Robert Kiyosaki Blog

Financial Education Portal inspired by Robert Kiyosaki

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Biography

Robert T Kiyosaki is a Hawaiian born author and motivational speaker. He studied in America, joined the Marine Corps and fought in the Vietnam war. Kiyosaki now lives in America and has risen to fame as a motivational author and speaker in the areas of personal finance, investing and business. His Rich Dad Poor Dad series of books have sold millions of copies worldwide and through his education programs he is reaching thousands of students with his financial messages. Kiyosaki was born and raised in Hawaii of Japanese / American parents. After moving to New York and graduating from college, Kiyosaki enlisted in the Marine Corps. He become an officer and helicopter gun pilot, serving time in the Vietnam war. Upon his return Kiyosaki worked as a salesman for the Xerox printing and photocopying company. His first success in the business world came with a company he started in 1977. Kiyosaki‘s company was importing nylon and Velcro wallets that went on to become associated with surfers, earning them the title of "surfer wallets" and making Kiyosaki good profits. Eventually Kiyosaki went on to become an educator in the areas of business and finance. In the mid eighties he established an educational company where students worldwide could learn about his financial philosophies. Kiyosaki developed a board game to educate people financially, while at the same time remaining entertaining. The Cashflow 101 board game went on to become very successful for Kiyosaki. Cashflow 101 is now also available online, where players are able to learn the basics of investing and personal finance. Rich Dad, Poor Dad Robert Kiyosaki‘s real success came with a series of books based on the rich dad and poor dad characters. Kiyosaki writes the books in an entertaining method where financial novices can remain entertained and at the same time learn his personal finance theories. The rich dad, poor dad characters are fictional people, loosely based on people in Kiyosaki‘s life. Basically, poor dad is the man that goes to work hard for his money in a government job, just getting by each week, paying the bills and feeding the family. Eventually going on to retire poor and unhappy. Rich dad is more of a risk taker and uses his money to invest in real estate and businesses, eventually leading to an abundance of financial wealth where he retires early with a large fortune. The Rich Dad, Poor Dad series consists of more than 8 books based on themes of investing, real estate, personal finance and business motivation. Many of them have gone on to become best sellers in their genre with the most popular (Rich Dad,...

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Congratulations and Welcome to the Rat Race!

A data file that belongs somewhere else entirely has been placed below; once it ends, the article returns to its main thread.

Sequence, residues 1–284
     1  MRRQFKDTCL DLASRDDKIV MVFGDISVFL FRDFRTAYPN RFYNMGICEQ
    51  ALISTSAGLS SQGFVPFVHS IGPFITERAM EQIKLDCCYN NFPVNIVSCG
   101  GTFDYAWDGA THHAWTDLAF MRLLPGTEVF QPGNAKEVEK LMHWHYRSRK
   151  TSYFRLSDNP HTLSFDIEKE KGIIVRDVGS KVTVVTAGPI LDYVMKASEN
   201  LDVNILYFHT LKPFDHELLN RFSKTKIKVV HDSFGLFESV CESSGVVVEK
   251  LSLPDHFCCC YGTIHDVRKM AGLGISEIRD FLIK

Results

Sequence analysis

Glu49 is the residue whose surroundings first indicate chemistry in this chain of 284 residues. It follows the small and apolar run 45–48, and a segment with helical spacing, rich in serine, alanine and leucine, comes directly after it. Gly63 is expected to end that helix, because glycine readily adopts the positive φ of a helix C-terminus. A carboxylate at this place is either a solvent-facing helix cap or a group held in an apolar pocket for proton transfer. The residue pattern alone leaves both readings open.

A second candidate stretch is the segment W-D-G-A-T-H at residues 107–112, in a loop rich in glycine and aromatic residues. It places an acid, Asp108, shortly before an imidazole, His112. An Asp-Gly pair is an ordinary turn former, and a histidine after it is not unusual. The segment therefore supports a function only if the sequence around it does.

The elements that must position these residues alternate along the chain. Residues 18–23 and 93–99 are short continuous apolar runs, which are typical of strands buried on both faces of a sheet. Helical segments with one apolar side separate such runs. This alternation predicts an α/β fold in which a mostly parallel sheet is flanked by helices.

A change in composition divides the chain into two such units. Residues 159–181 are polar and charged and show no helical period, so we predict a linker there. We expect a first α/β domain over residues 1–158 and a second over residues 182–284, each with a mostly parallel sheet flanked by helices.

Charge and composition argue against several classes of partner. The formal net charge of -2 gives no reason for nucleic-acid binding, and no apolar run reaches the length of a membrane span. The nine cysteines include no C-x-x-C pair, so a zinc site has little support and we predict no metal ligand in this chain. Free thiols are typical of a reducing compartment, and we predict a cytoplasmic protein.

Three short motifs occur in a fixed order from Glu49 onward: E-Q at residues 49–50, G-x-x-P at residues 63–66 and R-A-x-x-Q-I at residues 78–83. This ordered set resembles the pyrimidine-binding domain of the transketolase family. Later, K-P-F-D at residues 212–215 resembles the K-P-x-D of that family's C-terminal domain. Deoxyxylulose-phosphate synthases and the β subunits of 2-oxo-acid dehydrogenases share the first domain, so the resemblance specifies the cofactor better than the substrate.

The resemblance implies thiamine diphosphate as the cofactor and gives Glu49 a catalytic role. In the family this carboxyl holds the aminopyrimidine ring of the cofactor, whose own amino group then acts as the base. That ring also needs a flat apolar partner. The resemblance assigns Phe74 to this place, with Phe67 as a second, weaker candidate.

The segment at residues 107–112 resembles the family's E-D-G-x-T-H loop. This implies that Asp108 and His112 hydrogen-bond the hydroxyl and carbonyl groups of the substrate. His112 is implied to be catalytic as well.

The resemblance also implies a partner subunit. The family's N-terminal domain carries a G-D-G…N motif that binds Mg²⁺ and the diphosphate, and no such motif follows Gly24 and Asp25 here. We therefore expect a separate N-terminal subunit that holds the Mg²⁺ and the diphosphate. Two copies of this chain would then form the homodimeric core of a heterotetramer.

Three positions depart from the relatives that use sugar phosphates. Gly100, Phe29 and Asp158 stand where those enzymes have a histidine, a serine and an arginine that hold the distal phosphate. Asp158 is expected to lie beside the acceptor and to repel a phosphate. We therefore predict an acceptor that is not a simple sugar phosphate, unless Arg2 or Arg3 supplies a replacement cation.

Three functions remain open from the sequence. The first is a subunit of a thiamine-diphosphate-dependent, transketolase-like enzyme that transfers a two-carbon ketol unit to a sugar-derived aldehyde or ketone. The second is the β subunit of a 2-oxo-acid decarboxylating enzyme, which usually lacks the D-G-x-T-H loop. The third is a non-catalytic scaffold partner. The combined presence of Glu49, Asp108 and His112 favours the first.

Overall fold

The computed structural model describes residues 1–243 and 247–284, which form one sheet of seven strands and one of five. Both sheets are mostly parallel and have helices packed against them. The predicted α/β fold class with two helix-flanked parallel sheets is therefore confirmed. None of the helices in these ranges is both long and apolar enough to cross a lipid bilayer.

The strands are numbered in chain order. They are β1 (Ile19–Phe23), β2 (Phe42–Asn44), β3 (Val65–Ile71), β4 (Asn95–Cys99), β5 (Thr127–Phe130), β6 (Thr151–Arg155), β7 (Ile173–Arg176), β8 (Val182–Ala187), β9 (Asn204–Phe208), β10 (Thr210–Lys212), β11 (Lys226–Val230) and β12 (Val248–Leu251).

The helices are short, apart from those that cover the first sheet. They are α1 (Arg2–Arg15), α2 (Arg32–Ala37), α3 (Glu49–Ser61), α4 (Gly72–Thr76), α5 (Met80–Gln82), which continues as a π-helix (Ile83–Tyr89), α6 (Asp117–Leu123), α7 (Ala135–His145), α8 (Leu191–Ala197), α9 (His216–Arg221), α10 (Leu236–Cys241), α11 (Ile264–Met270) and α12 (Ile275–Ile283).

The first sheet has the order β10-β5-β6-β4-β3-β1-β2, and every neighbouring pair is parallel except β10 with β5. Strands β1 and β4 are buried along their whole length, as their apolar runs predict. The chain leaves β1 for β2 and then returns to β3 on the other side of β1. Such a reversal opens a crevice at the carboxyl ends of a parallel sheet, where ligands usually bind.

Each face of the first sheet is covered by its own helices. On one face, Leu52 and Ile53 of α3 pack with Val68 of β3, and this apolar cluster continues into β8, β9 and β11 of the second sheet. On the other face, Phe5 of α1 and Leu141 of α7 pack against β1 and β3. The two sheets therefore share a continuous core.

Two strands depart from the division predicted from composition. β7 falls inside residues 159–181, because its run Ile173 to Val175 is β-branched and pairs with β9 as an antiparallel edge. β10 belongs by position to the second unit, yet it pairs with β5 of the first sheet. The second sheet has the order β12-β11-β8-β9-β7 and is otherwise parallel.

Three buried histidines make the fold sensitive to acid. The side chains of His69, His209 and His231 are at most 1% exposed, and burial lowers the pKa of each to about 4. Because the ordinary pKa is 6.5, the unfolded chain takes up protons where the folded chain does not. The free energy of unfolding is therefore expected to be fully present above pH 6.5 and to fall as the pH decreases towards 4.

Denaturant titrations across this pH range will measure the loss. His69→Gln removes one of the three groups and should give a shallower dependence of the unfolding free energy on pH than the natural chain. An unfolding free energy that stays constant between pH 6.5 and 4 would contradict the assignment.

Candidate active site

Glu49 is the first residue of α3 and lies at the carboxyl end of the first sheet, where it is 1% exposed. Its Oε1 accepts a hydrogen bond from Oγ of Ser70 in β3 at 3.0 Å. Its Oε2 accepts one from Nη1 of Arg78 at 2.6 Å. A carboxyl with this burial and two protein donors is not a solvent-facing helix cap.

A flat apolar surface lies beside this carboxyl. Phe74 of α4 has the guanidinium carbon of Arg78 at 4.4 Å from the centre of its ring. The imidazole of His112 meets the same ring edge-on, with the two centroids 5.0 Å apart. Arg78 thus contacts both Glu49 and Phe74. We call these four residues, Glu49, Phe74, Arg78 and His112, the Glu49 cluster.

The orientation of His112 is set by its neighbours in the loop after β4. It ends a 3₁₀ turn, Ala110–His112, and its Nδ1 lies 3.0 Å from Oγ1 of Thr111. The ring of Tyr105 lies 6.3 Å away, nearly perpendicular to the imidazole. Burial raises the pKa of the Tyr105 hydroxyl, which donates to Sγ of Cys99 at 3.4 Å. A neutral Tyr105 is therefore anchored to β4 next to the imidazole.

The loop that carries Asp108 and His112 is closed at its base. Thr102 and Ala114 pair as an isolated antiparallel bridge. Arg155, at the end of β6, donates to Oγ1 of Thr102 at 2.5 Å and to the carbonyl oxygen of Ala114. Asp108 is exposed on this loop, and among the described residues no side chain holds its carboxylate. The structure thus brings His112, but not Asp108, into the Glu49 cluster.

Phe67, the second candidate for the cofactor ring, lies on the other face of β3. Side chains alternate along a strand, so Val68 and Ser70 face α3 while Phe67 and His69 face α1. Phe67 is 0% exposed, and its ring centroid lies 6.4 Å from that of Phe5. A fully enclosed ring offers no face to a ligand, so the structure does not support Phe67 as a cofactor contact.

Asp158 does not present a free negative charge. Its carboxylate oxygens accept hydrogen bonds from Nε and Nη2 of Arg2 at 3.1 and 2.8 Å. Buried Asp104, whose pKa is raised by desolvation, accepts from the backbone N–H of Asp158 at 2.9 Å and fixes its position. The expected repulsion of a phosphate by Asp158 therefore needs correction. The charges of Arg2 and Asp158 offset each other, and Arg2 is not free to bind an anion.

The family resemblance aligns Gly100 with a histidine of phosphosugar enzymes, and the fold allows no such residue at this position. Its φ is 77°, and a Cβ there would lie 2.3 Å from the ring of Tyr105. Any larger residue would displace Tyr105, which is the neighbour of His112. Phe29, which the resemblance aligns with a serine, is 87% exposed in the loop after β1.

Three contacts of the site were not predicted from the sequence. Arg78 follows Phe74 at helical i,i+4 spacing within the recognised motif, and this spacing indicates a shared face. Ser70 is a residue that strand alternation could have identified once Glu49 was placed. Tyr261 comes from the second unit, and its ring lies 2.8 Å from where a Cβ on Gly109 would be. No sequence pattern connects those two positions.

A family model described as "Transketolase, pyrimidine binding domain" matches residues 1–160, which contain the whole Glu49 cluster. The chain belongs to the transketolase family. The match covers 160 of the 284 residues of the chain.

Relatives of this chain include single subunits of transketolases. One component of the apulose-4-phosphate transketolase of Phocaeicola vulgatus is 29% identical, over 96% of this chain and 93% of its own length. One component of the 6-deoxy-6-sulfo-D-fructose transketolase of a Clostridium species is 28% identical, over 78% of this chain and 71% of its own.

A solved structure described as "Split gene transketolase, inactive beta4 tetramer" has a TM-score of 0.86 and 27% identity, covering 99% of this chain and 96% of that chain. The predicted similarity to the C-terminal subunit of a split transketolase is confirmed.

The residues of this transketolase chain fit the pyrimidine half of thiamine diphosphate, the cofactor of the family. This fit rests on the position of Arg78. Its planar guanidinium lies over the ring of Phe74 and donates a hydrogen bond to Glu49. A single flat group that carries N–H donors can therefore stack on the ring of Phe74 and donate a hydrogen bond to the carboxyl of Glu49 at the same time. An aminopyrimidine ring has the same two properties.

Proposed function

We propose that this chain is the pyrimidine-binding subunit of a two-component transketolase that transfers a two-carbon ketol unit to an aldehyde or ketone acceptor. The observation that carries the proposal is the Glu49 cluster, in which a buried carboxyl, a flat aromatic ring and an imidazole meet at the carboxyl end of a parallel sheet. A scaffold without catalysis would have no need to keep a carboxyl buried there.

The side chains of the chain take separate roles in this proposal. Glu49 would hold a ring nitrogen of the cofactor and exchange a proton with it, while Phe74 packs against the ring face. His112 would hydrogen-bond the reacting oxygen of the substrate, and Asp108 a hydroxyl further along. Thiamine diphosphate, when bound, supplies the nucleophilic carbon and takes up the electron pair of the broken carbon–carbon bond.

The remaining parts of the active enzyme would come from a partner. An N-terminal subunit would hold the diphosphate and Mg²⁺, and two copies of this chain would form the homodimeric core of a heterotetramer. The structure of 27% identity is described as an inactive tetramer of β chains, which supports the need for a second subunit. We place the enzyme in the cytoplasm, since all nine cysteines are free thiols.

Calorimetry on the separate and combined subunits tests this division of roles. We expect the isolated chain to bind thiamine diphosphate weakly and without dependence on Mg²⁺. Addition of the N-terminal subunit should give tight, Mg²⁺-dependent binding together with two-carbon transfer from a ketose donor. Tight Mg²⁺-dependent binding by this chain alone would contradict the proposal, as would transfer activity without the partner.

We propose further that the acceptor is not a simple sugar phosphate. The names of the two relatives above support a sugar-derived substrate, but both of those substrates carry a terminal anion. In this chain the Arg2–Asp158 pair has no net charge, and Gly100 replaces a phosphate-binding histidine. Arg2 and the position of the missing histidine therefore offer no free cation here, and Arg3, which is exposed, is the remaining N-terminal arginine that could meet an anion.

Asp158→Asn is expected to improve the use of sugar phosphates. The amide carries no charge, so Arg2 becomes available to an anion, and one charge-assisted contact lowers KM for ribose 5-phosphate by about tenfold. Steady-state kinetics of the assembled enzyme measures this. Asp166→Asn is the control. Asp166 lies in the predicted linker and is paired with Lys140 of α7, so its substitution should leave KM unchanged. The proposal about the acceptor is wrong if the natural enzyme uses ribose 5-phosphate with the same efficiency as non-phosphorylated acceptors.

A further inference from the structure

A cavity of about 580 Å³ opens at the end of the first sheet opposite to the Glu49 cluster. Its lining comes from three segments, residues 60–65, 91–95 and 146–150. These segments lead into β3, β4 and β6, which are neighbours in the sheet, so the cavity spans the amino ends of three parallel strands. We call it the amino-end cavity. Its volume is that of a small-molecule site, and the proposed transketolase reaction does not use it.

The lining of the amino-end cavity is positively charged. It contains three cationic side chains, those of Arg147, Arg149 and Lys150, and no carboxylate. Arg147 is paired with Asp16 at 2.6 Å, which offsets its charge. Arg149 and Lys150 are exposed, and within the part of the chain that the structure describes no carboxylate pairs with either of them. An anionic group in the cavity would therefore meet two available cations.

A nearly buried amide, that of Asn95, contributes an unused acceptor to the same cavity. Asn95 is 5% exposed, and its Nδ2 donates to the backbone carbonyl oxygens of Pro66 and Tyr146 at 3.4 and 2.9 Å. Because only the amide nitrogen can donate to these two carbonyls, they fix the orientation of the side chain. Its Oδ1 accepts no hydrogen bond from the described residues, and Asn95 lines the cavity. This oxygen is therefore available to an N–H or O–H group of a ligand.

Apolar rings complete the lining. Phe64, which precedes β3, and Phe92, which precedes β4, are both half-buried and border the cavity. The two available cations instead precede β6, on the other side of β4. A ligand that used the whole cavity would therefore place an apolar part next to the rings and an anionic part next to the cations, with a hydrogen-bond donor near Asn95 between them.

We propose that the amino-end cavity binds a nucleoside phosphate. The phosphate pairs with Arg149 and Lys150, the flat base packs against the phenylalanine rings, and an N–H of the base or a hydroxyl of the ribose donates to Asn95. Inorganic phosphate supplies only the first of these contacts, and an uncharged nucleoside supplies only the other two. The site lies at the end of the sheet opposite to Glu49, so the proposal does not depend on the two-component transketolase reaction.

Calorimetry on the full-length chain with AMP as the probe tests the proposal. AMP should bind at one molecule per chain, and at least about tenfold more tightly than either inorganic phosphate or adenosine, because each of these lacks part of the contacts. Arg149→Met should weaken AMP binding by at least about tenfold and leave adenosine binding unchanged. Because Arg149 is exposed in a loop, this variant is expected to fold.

For Millions of People, Graduation Means Joining the Rat Race 1.3 million college graduates will exit academia for the work force this year, armed with a sheepskin and laden with debt. This debt, $22,221 on average… as reported by Student Monitor LLC, a leading market research firm, represents both credit card debt and student loans. Debt that, according to that company’s survey stats, will take eight years to pay off. And, in most cases, there’s more where that came form. It’ll take the shape of car loans, revolving credit and even mortgages.  In Rich Dad’s world, the Rat Race is that vicious cycle of living paycheck to paycheck… and the conventional wisdom that getting a good education, good grades and a safe, secure job (with “good benefits”) will lead  to “the good life.” Or, at least, a steady pay check so that there’s money to make monthly payments on expenses and debt.  These new grads are in good company: millions of Americans contribute their fair share to the $100+ billions in credit card debt ($46.6 billion with Capital One Financial alone) in the US. Debt that, in many cases, will take decades to pay off.  Nearly 90% of college grads surveyed in 2004* reported that they were “prepared” for the responsibility of credit cards… over half (56%) of them didn’t know the APR (annual percentage rate of interest) on those cards. In this case, ignorance may not be bliss.  So what is Rich Dad’s answer to the Rat Race dilemma so prevalent in our society? That’s easy: Financial Education. And we’re not alone in that mission. In mid-April of 2005, the Federal Reserve unveiled a new website that Fed chairman Alan Greenspan calls “an online tool that offers students easier access to a wealth of information in the areas of economics, banking and financial services.”  In 2002, Greenspan was quoted as saying that a good foundation in math would improve financial literacy and “help prevent younger people from making poor financial decisions that can take years to overcome.” He added, “People need to be able to read, write and speak basic financial concepts in order to make informed investment decisions.”  “The challenges Americans face – with social security, consumer debt, bankruptcy law changes, and retirement planning – don’t begin at age 65. They begin at age five, when kids enter school.”   – Robert Kiyosaki  Sources: Student Monitor research; MBNA and Capital One Financial reports; The New York Times Lessons for Graduates:  1. Work to learn… not to earn Sometimes a pay check is less important than the lessons you get from working. 2. Who’s giving you advice? Most people...

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